“We’ve always had a great respect for the solution Pathable has delivered to event managers, so we’re very pleased to be able to offer that to our customers today,” said Chris Bucchere, co-founder and CEO of The Social Collective.

We’re proud of the part we’ve played in revolutionizing how event attendees connect, and now consolidating efforts under the Pathable platform will be a boon to our existing customers and those to come.

The acquisition expands Pathable’s reach in the events industry, already firmly placed on the foundation of direct customers as well as reseller relationships with industry heavyweights such as Active Events (www.activeevents.com/), Cvent (www.cvent.com), Omnipress (www.omnipress.com) and Amiando (www.amiando.com) and heralds a trend toward a standardization of the experience.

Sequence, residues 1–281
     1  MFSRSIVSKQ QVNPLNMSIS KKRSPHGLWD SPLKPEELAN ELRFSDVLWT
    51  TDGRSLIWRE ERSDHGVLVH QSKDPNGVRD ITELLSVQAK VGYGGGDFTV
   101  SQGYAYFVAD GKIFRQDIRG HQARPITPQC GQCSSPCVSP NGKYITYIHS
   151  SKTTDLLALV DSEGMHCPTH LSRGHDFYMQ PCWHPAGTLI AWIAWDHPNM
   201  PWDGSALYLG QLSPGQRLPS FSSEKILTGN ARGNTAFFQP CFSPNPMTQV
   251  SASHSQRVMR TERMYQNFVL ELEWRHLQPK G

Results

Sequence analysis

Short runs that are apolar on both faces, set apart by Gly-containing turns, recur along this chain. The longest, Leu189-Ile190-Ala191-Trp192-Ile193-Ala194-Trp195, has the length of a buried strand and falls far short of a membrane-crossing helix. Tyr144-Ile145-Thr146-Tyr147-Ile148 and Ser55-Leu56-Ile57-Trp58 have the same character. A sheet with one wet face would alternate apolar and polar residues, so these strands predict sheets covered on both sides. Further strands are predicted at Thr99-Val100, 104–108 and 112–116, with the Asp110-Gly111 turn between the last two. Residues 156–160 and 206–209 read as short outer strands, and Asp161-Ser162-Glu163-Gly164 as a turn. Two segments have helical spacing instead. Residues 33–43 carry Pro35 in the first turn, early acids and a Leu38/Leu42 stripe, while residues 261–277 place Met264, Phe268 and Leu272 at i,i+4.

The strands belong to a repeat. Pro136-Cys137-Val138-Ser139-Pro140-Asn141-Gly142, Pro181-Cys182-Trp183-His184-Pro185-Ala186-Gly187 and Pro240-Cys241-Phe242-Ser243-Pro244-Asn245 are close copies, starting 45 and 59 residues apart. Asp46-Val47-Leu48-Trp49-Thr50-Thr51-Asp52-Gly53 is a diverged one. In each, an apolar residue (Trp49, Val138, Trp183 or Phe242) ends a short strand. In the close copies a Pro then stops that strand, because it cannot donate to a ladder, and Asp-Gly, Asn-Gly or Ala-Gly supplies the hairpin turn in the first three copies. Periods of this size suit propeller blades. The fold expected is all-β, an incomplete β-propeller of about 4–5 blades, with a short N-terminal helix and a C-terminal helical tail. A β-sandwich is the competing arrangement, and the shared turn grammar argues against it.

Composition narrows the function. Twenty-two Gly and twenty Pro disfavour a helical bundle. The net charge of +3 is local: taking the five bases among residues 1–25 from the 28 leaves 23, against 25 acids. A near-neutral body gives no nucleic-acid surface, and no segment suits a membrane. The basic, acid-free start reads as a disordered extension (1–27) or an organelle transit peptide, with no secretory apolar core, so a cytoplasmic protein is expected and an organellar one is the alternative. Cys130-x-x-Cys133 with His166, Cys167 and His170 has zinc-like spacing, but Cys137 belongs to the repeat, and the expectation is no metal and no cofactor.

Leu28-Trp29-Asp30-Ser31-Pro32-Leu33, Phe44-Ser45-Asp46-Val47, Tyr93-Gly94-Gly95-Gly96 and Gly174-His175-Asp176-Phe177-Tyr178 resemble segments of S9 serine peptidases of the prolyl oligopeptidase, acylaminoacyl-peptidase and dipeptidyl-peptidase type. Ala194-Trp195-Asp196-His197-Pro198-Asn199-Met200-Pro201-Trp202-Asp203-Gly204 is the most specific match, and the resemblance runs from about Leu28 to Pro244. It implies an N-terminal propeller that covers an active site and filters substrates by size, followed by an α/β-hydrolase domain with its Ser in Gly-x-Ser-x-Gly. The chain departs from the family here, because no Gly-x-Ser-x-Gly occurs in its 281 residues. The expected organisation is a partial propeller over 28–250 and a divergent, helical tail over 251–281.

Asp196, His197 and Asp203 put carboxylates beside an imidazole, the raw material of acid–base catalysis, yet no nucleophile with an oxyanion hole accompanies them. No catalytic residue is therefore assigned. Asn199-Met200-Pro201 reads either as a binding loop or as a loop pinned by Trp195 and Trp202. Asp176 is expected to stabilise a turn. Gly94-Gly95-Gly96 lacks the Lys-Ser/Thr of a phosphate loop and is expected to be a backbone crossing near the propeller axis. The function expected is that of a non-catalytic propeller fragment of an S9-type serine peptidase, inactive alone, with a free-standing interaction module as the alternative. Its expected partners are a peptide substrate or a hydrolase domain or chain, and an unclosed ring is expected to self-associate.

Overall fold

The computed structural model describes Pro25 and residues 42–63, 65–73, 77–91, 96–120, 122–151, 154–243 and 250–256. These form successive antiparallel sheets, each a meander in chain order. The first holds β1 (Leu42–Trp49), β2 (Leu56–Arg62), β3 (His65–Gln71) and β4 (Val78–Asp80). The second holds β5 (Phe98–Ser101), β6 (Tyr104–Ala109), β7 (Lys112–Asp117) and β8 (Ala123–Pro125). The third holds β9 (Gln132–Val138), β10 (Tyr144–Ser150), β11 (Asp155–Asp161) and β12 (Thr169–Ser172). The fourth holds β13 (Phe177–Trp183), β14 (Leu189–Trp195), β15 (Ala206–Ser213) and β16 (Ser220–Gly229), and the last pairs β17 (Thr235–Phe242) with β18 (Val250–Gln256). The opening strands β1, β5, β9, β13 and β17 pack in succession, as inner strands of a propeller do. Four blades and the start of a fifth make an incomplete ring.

Schwartz added:

When you’re going to a conference, you don’t want to be thinking about which social networking solution the host has chosen and whether it will be effective at helping you connect with the other attendees. You want that layer to be invisible and effortless. Our offering has always been focused on letting the event and its attendees take the spotlight.

There are over 200 million attendees at conferences, conventions, tradeshows, meetings and events in the US alone, according to the Conventions Industry Council. Social networking is becoming an in increasingly important component of serving them.


Pathable, Inc., a privately held Seattle-based company, was founded in 2008. Since that time, it has served hundreds of events, including those of Microsoft, SAP, GE Healthcare, Meeting Professionals International, and Dell, with a private, branded on-line event communities that allow attendees to connect, schedule meetings, choose their session schedules and visit exhibitors for months around a face-to-face event.